Academic journal article Central European Journal of Public Health

Chronic Obstructive Pulmonary Disease in Iron-Steel and Ferrochrome Industry Workers

Academic journal article Central European Journal of Public Health

Chronic Obstructive Pulmonary Disease in Iron-Steel and Ferrochrome Industry Workers

Article excerpt

SUMMARY

Metallurgical industry workers in developing countries are often exposed to high concentrations of dusts and fumes that affect pulmonary function. The aim of this cross-sectional study is to assess the prevalence and severity of chronic obstructive pulmonary disease (COPD), the prevalence of symptoms, as well as, the link between work-place air pollution and COPD.

A standardized questionnaire was used to collect data about smoking and socioeconomic status, past history of pulmonary diseases, current respiratory symptoms, education, and other variables. We have identified and assessed all risk factors and also have performed measurements of dynamic pulmonary function in 459 subjects - 90% of iron-steel and ferrochrome industry workers. The prevalence of COPD oscillated from 19.6% up to 25.7% while severity varied from mild to very severe.

Symptoms: prevalence varied from 12.0% to 46.3% white relative risk for developing COPD was 2.1-5.5 that of non-industry controls. Exposure markers' concentrations: for total suspended particles (TSP) oscillated from 0.375-25.5 mg/m^sup 3^, particulate matter (PM10) from 0.25 to 10.5 mg/m^sup 3^, and sulfur dioxide from 0.19-18.69 mg/m^sup 3^. In majority of cases its average exceeded threshold limit values.

Our conclusion was that COPD prevalence and its symptoms are high in the population studied, and that there exists a well established occupational risk between work-place air pollution and COPD.

Key words: air pollution, chronic obstructive pulmonary disease, occupational exposure, risk factors, smoking behavior, pulmonary function testing, threshold limit values (TLV)

INTRODUCTION

Metallurgical industry workers are often exposed to harmful gases and dusts that affect pulmonary function and cause chronic obstructive pulmonary disease (COPD). Occupational dusts and chemicals can cause COPD when the exposure is sufficiently intense or prolonged, such of those experienced in heavy industry or in mining. These exposures can cause COPD independently of cigarette, while the risk is substantially higher in the presence of concurrent cigarette smoking (1-4).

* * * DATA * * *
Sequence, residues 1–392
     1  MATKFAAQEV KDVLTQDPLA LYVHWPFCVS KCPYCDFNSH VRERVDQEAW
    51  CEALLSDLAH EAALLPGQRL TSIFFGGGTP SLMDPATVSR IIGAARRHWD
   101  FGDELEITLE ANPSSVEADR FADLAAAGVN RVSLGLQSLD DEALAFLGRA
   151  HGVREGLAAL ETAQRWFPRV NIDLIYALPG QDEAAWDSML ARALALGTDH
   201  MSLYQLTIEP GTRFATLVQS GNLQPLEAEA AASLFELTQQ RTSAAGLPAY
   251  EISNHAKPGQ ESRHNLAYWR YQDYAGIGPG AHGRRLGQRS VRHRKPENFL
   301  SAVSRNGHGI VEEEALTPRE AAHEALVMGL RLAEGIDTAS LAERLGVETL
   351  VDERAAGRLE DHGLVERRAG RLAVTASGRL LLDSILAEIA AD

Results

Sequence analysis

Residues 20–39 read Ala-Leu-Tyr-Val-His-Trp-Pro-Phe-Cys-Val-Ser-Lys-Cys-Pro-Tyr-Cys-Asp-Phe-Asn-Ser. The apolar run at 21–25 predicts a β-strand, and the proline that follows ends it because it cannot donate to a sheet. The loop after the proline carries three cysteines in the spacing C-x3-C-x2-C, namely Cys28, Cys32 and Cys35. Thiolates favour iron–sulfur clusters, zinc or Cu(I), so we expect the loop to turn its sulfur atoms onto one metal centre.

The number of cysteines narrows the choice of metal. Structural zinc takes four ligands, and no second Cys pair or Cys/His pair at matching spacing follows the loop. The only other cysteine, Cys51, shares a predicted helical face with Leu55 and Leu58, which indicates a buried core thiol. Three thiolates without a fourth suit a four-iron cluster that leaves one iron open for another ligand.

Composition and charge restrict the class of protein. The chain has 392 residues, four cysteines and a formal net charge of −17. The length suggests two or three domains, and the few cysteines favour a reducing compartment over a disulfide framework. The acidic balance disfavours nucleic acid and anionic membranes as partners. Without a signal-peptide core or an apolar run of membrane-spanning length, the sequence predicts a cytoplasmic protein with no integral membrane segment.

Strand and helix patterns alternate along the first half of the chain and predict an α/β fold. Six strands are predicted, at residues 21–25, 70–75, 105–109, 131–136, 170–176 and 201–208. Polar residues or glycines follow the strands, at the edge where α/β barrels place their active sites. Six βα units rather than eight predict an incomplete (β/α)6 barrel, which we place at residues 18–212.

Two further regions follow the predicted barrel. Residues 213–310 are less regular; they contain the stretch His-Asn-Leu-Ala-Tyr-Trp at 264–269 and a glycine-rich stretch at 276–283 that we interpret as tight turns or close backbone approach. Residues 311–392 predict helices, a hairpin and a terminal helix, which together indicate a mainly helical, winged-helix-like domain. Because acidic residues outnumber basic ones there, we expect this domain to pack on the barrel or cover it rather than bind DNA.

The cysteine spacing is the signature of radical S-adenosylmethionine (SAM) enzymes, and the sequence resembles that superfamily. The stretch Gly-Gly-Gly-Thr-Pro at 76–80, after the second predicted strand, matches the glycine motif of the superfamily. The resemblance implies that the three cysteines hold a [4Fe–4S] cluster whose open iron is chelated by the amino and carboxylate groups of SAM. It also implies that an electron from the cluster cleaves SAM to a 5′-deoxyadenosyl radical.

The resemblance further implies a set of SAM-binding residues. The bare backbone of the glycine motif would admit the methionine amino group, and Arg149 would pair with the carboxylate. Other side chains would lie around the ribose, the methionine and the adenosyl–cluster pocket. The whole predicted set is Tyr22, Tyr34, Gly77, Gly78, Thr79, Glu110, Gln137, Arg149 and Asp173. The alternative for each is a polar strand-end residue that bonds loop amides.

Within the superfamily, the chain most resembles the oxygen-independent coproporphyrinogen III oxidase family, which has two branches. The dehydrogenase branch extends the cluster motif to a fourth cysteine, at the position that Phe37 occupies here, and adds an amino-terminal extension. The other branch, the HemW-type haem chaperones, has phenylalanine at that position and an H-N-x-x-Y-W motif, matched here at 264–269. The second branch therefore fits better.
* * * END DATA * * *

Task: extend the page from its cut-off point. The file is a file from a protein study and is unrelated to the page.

COPD is the most frequent chronic disease in developing country workers. Aging and archaic technology and high concentrations of workplace air pollutants are the main but definitely not the only culprits. Exposure to particulate matter, irritants, organic dusts, and sensitizing agents cause an increase in airway hyperresponsiveness, especially in airways already damaged by other occupational exposures, cigarette smoking, and/or asthma (1, 5). Most of the evidence regarding the risk factors for development of COPD comes from cross-sectional epidemiological studies that identify association (1, 6, 7, 8).

The aim of this cross-sectional study was to assess the prevalence and severity of COPD, the prevalence of symptoms, as well as, to quantify any correlation between occupational area air pollution and COPD.

MATERIALS AND METHODS

We have used a standardized questionnaire, based on a modified version of an American Thoracic Society (ATS) questionnaire, to collect data on smoking habits, socioeconomic status, past histoiy of pulmonary diseases, current respiratory symptoms (chronic cough, chronic phlegm, wheezing and whispering, breathlessness, dyspnea in efforts), education, job exposure matrix, and other parameters (9). We have performed measurement of pulmonary function in 459 subjects which represent 90% of staff working in Albanian iron-steel and ferrochrome industry, and have identified, assessed and analyzed for all risk factors. Office workers formed the reference/control group. Following variables were measured: forced vital capacity (FVC), forced expiratory volume in the first second after full inspiration (FEV1), FEV1TFVC ratio, peak expiratory flow rate (PEF), forced expiratory flow (FEF25 7S), and vital capacity (VC). Each subject produced at least three acceptable FVC curves based on ATS standards (10). …

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